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View Poll Results: Would you buy a timer/shutter tester?

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  • No way, a stopwatch is all I need

    4 20.00%
  • Yes, I must have one at any price

    1 5.00%
  • Yes, if under $200

    2 10.00%
  • Yes, if under $100

    4 20.00%
  • Yes, if under $50

    5 25.00%
  • Yes, if under $25

    2 10.00%
  • Yes, if under $10

    2 10.00%
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Thread: Timer Tester

  1. #1

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    Timer Tester

    Going over the timers I aquired, it looks like one may be off a bit. Finding an accurate AND trustworthy souce of time is easier said than done. It got me thinking about a solution.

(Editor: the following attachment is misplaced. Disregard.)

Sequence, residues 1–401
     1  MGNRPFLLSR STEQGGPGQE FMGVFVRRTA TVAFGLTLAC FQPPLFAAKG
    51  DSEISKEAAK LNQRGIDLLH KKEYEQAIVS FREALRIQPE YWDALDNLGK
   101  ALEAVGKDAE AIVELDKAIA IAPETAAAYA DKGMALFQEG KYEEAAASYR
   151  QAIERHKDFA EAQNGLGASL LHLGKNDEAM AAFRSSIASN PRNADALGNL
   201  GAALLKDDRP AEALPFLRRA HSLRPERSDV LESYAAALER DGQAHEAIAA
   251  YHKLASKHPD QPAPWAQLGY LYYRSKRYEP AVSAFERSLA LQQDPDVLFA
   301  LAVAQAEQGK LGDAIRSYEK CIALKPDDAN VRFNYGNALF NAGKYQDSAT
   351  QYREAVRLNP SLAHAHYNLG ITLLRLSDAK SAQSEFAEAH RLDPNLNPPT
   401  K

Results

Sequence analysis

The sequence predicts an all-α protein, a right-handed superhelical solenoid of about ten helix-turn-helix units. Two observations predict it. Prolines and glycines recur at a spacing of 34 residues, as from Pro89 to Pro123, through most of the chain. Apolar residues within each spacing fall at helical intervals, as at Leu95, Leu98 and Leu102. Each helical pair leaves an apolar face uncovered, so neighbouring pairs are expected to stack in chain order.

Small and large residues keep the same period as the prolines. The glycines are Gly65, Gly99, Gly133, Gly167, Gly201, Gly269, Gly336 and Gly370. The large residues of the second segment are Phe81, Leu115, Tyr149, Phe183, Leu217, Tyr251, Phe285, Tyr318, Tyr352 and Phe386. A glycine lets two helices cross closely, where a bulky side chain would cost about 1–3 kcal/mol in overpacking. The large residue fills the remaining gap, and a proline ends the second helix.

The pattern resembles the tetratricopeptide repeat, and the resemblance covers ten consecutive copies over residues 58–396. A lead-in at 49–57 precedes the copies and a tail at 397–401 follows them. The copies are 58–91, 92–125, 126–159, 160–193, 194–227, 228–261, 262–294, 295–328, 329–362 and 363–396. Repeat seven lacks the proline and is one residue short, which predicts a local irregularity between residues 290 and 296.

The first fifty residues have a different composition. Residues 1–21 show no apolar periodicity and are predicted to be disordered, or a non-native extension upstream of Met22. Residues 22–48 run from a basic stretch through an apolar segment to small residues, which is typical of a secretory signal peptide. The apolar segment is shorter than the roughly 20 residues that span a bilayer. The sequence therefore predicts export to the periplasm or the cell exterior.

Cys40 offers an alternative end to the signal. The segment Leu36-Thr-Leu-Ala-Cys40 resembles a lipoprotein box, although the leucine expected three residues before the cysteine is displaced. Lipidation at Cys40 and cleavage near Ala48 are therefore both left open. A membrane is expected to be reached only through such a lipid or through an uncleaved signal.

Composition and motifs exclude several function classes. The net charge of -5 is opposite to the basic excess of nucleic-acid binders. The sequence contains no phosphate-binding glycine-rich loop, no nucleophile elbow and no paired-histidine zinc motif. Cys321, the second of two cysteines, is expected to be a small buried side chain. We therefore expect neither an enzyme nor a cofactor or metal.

A small box that plugs into the enlarger outlet on the timer and starts counting, with 0.01 second resolution up to 99.99 seconds, when the circuit is energized. Obviously it would stop counting when the circuit is turned off.

    This could also be used to check shutter calibration as well. A way to change the time scale to one with 0.0001 seconds resolution and different adaptor and it should work for that.

    Does anyone think that this would be commecially viable? If so, would you buy one? How much would you pay? What would be an acceptable margin of error?
    Last edited by schwefel; 04-07-2008 at 10:00 PM. Click to view previous post history.

  2. #2
    David A. Goldfarb's Avatar
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    I'd buy a shutter tester, but I don't feel I need to test my enlarging timer. I'm not sure why the tester would necessarily be more accurate than my Metrolux (even if I were using it as a regular timer, rather than as a compensating timer), and I could easily enough check my Omega Pro Lab timer against something else.
    flickr--http://www.flickr.com/photos/davidagoldfarb/